In conclusion, Germans that generally have no historical precedent with Algeria, as of their well-reputed pragmatic attitudes and well-known frankness did recently approach the Algerian Government confirming that their readiness to intensify cooperation, was it not for those recent Government measures of Algeria.  These were qualified as being counterproductive, administrative in their outlook whereas what is required should focus as the economic reference of the currency exchange balance as well as the accumulation of organisational and technological knowledge. The Algerian economy predominantly bureaucratic and rentier economy that produces the informal sphere could do with a financial and socio-educational reform, in addition to the lifting of the land system.  And it is up to the Algerians to remove those obstacles for the good implementation of the business, assuming of deep structural reforms, good governance and a visibility and coherence of socio-economic policies of the Government.  It is under these reservations, that any Algero-German cooperation could be and intensify in the context of mutual respect.

ademmebtoul@gmail.com

Updated on February 22, 2017.

The planned visit to Algiers was put off at the request of the Algerians, the German government spokesman said.

“The Algerian government asked at short notice for it to be postponed, the federal chancellor complied with this wish.”

The 3 core Responsibilities of every Government of any Nation

The best way to go about discussing the topic covered by the proposed article written by Anne-Marie Slaughter, President and Chief Executive Officer, New America and published on Monday 13 February 2017 by the WEF is to recall the failure and eventual collapse [ . . . ]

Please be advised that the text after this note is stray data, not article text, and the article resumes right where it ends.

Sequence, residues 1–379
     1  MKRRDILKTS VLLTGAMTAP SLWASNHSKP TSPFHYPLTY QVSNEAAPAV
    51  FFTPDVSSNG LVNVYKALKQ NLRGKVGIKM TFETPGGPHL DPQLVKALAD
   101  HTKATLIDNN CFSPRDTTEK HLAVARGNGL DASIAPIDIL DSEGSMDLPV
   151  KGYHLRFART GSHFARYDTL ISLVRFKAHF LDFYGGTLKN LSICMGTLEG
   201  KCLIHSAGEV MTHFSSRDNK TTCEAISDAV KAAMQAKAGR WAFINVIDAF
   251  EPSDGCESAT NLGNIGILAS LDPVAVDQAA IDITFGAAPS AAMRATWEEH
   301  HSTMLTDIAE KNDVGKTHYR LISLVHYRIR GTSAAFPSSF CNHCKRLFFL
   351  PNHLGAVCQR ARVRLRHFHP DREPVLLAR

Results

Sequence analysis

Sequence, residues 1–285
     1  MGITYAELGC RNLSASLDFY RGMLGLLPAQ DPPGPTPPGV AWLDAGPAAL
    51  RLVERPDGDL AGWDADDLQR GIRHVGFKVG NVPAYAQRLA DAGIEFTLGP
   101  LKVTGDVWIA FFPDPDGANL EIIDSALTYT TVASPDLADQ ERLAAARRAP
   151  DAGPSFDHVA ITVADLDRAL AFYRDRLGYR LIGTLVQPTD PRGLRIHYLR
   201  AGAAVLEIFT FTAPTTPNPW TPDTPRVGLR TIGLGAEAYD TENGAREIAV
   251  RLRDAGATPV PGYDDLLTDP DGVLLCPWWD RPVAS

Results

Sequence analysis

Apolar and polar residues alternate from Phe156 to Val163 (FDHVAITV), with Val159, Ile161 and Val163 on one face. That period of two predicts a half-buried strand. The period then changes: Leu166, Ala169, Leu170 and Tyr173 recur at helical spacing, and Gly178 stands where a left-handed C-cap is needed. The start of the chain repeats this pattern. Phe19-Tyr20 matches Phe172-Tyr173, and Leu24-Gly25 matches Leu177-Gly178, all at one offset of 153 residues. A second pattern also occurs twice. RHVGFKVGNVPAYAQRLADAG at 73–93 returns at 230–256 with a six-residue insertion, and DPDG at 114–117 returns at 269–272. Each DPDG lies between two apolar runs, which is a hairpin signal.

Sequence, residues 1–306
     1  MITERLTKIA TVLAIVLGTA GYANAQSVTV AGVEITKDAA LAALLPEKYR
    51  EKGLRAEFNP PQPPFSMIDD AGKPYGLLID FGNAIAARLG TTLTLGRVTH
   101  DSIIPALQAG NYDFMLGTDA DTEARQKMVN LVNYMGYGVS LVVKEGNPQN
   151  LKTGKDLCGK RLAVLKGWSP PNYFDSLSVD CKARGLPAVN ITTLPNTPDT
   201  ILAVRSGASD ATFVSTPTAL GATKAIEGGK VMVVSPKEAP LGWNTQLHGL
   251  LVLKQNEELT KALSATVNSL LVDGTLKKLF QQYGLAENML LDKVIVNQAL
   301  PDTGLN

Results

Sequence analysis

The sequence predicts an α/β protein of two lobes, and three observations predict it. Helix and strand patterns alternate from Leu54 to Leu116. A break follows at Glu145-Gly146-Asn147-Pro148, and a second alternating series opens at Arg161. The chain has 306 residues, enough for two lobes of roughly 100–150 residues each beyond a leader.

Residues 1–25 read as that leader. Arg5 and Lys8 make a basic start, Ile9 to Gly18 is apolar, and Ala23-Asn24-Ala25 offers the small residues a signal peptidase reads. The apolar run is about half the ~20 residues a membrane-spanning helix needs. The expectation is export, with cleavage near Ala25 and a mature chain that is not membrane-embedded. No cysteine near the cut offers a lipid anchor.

The best way to go about discussing the topic covered by the proposed article written by Anne-Marie Slaughter, President and Chief Executive Officer, New America and published on Monday 13 February 2017 by the WEF is to recall the failure and eventual collapse of the former Soviet Union and what caused its abrupt end not so far ago. Is it lack of these 3 core responsibilities of every government of any nation discussed here, from the agenda of the successive governments?

Or was it as many see it, like in those MENA’s region so-called republics due to that sprinkle of socialistic orientations in their political strategy of the 60s and 70s ? Any thoughts ?

Or is the whole thing a soft reminder directed towards the new tenant of the White House of his basic duties?

3 responsibilities every government has towards its citizens

The oldest and simplest justification for government is as protector: protecting citizens from violence.